<snip>

While I agree that the "net gen personal brand" stuff smacks of hubris, there's something there. How we're perceived tends to be how we act. How we act influences others.

Anyway, these are the ramblings of a pretty darn tired Multimedia (Computer Graphics) instructor. What do you think? How much of an impact would having students develop a professional persona online and in-world have on their learning?

--------
Feel free to call me "AK"
Blog: http://idstuff.blogspot.com
LinkedIn Profile: http://www.linkedin.com/in/koutropoulos
@koutropoulos
+0
#6528798 Aug 10, 2012 at 12:35 PM
Curator
69 Posts
Thanks to all of you for a stimulating discussion. As I read this discussion I began to think about the simulacra thread. Is personal brand the simulacra of reputation?

So I googled simulara, repuation, and brand and found this intriguing book, at least by its title. What struck me was the two dimensions he talks about, profiles in the datascape, and personas in social networks and interactions.

Silicon Simulacra: Post-humans of the Machine Worlds by Len Ellis
Abstract
"The assimilation of humans into machines, once science fiction, is a reality today. Each of us has virtual versions inside the two great machines of the late modern age. In the datascape, the vast array of databases in which the details of our daily lives are recorded and analyzed, we appear as profiles. In cyberspace, the global network of computers in which everyone can connect with everyone, we appear as personas."

There are some chapters avail on the site if you want to give it a scan.
**************************************************
Twitter: @chris_saeger
Profile: http://www.nasaga.org/profile/chrissaeger
Course Dashboard: http://www.netvibes.com/csaeger#Game_Mooc
**************************************************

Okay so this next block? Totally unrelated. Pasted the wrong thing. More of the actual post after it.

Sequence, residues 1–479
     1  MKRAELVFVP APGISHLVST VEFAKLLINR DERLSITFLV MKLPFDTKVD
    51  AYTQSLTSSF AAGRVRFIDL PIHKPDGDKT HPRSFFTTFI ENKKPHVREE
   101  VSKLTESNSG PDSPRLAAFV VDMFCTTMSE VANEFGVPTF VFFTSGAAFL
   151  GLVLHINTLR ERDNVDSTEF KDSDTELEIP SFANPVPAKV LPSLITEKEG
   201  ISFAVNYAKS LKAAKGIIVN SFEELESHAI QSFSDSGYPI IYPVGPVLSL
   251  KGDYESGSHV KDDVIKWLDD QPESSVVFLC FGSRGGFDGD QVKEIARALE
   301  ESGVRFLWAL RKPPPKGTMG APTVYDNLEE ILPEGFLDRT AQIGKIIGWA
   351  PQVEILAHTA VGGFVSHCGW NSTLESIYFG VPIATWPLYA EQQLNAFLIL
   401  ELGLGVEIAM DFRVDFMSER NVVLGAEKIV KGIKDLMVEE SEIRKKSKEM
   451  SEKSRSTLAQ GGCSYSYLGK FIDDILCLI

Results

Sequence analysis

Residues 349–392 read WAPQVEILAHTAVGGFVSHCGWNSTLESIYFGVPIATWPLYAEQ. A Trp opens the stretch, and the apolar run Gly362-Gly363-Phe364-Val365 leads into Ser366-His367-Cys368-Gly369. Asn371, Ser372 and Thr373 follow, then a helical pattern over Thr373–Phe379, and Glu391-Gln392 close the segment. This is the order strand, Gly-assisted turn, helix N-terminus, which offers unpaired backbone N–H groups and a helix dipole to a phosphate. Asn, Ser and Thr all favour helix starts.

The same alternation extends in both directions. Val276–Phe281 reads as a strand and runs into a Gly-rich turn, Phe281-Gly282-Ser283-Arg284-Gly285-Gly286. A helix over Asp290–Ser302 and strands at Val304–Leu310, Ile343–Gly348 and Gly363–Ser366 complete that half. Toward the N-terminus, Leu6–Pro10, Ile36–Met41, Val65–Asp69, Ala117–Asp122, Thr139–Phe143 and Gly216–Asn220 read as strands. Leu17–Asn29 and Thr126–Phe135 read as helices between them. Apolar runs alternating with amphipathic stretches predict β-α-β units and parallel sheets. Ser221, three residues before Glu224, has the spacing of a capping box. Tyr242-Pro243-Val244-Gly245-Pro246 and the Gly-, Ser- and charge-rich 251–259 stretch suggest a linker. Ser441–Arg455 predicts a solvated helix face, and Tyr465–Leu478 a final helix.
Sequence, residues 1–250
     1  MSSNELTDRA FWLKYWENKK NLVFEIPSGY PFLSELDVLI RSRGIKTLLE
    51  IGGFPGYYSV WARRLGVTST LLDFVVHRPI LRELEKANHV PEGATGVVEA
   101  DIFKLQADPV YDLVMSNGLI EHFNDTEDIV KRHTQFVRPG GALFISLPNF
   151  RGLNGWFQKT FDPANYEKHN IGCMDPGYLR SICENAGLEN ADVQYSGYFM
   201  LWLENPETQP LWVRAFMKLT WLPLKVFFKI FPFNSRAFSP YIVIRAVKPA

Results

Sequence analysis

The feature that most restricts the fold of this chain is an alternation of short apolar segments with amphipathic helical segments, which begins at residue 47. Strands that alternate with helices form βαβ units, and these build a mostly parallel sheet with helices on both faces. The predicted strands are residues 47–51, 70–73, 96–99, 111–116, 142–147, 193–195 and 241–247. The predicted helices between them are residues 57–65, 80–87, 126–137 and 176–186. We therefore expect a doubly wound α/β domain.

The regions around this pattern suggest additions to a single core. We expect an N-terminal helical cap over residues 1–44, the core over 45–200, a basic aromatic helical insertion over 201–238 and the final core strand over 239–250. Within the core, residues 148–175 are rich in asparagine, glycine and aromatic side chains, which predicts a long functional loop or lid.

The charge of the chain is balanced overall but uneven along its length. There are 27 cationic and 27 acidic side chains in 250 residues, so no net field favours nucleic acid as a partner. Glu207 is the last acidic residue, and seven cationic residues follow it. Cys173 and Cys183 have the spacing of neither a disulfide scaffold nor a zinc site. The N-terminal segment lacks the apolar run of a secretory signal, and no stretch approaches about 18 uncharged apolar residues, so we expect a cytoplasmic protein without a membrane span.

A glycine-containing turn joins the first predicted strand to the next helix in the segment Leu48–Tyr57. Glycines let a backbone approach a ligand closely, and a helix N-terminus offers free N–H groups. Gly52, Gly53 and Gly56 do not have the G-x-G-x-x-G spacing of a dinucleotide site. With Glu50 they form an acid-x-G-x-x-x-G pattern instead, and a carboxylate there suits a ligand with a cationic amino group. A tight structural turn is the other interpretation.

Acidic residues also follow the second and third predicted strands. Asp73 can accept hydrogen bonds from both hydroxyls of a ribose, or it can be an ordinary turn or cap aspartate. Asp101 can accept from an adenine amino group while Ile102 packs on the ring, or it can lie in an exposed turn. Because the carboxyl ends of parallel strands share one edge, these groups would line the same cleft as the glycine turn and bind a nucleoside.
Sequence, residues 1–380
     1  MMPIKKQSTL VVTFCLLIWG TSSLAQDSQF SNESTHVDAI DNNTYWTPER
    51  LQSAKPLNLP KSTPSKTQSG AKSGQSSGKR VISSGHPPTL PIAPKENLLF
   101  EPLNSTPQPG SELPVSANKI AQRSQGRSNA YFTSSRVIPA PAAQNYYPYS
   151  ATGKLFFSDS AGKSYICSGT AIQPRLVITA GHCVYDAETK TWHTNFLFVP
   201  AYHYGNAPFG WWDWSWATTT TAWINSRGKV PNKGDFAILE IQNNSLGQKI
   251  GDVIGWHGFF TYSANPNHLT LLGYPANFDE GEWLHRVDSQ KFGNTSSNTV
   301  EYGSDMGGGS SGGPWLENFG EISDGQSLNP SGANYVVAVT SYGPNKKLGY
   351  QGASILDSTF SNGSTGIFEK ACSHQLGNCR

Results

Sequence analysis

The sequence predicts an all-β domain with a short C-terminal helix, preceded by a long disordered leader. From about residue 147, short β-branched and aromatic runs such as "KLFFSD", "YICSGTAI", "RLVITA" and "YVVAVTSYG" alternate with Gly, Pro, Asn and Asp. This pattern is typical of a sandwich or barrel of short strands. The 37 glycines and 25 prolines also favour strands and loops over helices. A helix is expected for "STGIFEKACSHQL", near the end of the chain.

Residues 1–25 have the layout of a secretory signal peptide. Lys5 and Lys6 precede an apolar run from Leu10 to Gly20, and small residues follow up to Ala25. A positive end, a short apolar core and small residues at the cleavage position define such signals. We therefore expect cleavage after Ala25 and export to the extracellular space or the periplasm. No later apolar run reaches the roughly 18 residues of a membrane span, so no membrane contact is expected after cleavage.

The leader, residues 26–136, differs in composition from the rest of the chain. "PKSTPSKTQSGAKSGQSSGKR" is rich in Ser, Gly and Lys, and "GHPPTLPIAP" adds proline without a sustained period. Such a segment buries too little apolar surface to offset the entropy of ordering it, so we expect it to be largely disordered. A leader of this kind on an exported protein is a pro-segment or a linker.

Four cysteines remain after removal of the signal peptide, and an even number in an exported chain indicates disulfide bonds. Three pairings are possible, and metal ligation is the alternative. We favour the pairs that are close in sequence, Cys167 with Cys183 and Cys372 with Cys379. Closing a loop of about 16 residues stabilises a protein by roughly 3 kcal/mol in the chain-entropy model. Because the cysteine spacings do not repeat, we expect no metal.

in the beginner's mind the possibilities are many.
+1
#6533559 Aug 11, 2012 at 01:11 PM
Initiate
34 Posts
I've been out of pocket with the opening of school this past Monday. However, I am trying to catch up a little. This discussion interested me because of what I saw in my students this past week (9th Grade). One of their assignments was to create an avatar to represent them in the game. They could draw one or print one from an image on the net, but they had to name it and decide on a profession. It was interesting to see the variety of characters each student picked, from Bugs Bunny and Sponge Bob to warriors from their favorite games. What I found most interesting, however, was the names. They picked some of the simplest names, i.e., Fred, Mary, etc., or used the actual name of the character. As for the professions, they all wanted to be the leader or the warrior, but I suggested that each guild/spaceship needed a variety of professions. It's going to be interesting to see how this plays out.
Margaret M. Ridgeway, MSED
Concentration: Integrating Technology Into the Classroom
Teacher, St. Helena Central High School
Greensburg, LA
+0
#6535360 Aug 11, 2012 at 09:55 PM
Guides
82 Posts
Thank you so much for finding this book! I have been doing a little research on the various ways that people are talking about and writing about the "post-human," and this one looks interesting enough to warrant the time, even if I heartily disagree with the conflation of networks with "machines"! Anyone who has worked on the practical matters of networking knows that machines and the cables which connect them are really, really different than the application/software-level processes and UI's that ride on them!

:P

Beth

#6528798 christopher wrote:

Thanks to all of you for a stimulating discussion. As I read this discussion I began to think about the simulacra thread. Is personal brand the simulacra of reputation?

So I googled simulara, repuation, and brand and found this intriguing book, at least by its title. What struck me was the two dimensions he talks about, profiles in the datascape, and personas in social networks and interactions.

Silicon Simulacra: Post-humans of the Machine Worlds by Len Ellis
Abstract
"The assimilation of humans into machines, once science fiction, is a reality today. Each of us has virtual versions inside the two great machines of the late modern age. In the datascape, the vast array of databases in which the details of our daily lives are recorded and analyzed, we appear as profiles. In cyberspace, the global network of computers in which everyone can connect with everyone, we appear as personas."

There are some chapters avail on the site if you want to give it a scan.

Beth Davies-Stofka, Ph.D.
twitter: eirwenes
+1
#6535376 Aug 11, 2012 at 09:59 PM
Guides
82 Posts
Hey, I remember UNIX! I love your cartoon "daemon." It captures the personality of these faithful little processes quite well!

:-)